• Punch down dough, and let stand for 10 to 15 minutes. Turn out dough onto a lightly floured surface, and divide into 12 portions (about 72 grams). Divide 1 portion into 3 pieces (about 24 grams each). (Keep remaining dough covered to prevent it from drying out.) Roll each piece into a ball. Place 3 dough balls in a prepared muffin cup. Repeat with remaining dough. Cover and let rise in a warm, draft-free place (75°F/24°C) until almost doubled in size, 15 to 25 minutes.
  • Preheat oven to 375°F (190°C).
  • In a small bowl, whisk together egg and water. Brush top of dough with egg wash.
  • Bake until golden brown and an instant-read thermometer inserted in center registers 190°F (88°C), 10 to 15 minutes. Serve warm or at room temperature.

Rosettes (makes 12 rolls)

  • Line 2 baking sheets with parchment paper.
  • Punch down dough, and let stand for 10 to 15 minutes. Turn out dough onto a lightly floured surface, and divide into 12 portions (about 72 grams each). Using lightly floured hands, roll 1 portion into a 14-inch-long rope. (Keep remaining dough covered to prevent it from drying out.) Tie a loose knot toward one end of rope, leaving about 2 inches on short side. Wrap long end around the dough twice; wrap short side around once. Pinch ends together on bottom of knot. Place, seam side down, on a prepared pan. Repeat with remaining dough. Cover and let rise in a warm, draft-free place (75°F/24°C) until almost doubled in size, 15 to 25 minutes.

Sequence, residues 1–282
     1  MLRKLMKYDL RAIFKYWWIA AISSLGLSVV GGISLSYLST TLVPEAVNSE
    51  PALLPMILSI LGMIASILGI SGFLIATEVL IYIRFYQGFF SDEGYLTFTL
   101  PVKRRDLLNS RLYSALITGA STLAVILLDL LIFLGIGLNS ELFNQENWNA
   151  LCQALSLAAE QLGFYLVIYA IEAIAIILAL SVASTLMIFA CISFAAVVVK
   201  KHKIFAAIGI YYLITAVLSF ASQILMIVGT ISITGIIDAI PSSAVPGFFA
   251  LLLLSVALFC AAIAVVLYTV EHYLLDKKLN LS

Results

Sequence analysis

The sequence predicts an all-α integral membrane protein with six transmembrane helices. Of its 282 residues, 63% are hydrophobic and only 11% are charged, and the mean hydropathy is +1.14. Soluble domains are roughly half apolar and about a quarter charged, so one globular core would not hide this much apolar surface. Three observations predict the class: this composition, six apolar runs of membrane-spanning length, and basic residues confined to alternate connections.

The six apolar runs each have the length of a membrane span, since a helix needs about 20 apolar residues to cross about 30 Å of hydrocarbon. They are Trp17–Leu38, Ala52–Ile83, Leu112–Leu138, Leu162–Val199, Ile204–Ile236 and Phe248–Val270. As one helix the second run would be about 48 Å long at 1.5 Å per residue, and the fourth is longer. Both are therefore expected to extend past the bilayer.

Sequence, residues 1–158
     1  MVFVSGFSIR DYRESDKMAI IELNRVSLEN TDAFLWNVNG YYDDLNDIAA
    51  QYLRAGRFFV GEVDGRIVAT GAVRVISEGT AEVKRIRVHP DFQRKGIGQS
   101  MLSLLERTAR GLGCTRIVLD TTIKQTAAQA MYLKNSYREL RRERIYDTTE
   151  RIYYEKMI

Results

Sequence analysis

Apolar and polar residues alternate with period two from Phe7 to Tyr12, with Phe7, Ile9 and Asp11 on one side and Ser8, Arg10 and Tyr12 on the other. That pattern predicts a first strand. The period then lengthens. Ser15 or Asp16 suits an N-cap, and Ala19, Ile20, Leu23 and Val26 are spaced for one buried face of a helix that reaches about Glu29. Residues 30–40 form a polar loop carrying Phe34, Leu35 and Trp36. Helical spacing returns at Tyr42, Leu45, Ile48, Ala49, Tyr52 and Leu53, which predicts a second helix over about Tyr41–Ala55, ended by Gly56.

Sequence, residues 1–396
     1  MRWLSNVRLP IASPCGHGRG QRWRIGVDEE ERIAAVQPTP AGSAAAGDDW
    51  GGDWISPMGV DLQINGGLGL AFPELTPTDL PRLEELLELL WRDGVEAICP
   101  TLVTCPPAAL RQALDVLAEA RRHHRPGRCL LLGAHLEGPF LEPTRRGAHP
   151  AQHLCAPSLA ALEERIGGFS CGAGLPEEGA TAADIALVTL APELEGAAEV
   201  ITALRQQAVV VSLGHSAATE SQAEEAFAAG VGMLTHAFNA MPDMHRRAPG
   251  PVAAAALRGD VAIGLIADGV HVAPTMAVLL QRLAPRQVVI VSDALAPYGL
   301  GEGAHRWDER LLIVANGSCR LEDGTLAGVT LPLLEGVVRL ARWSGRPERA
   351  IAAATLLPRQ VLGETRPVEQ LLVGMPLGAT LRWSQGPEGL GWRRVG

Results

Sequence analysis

• Preheat oven to 375°F (190°C).
  • In a small bowl, whisk together egg and water. Brush top of dough with egg wash.
  • Bake until lightly golden brown and an instant-read thermometer inserted in center registers 190°F (88°C), 10 to 15 minutes. Serve warm or at room temperature.
  • PRO TIP: Lightly flour surface when rolling dough into a rope. If there is too much flour, you will not be able to roll it. Use a little bit of water if too much flour gets on the surface of the dough. Once it is the right length, dust with a little bit of extra flour to make tying the knot easier.

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Video tutorial: How to Shape Dinner Rolls

 

Buttermilk Rolls | Everyone needs a go-to dinner roll dough that’s versatile and easy to work with. These light and soft dinner rolls can be shaped in so many ways, from crescents to rosettes. Find recipe and shaping video at redstaryeast.com.

Review & Comments

Oluwatimilehin Mafe | Reply

5 stars
Great recipes. Hoping to work with you more. I’m a consultant food technologist with specialties in Baking and bakery training and management in Nigeria.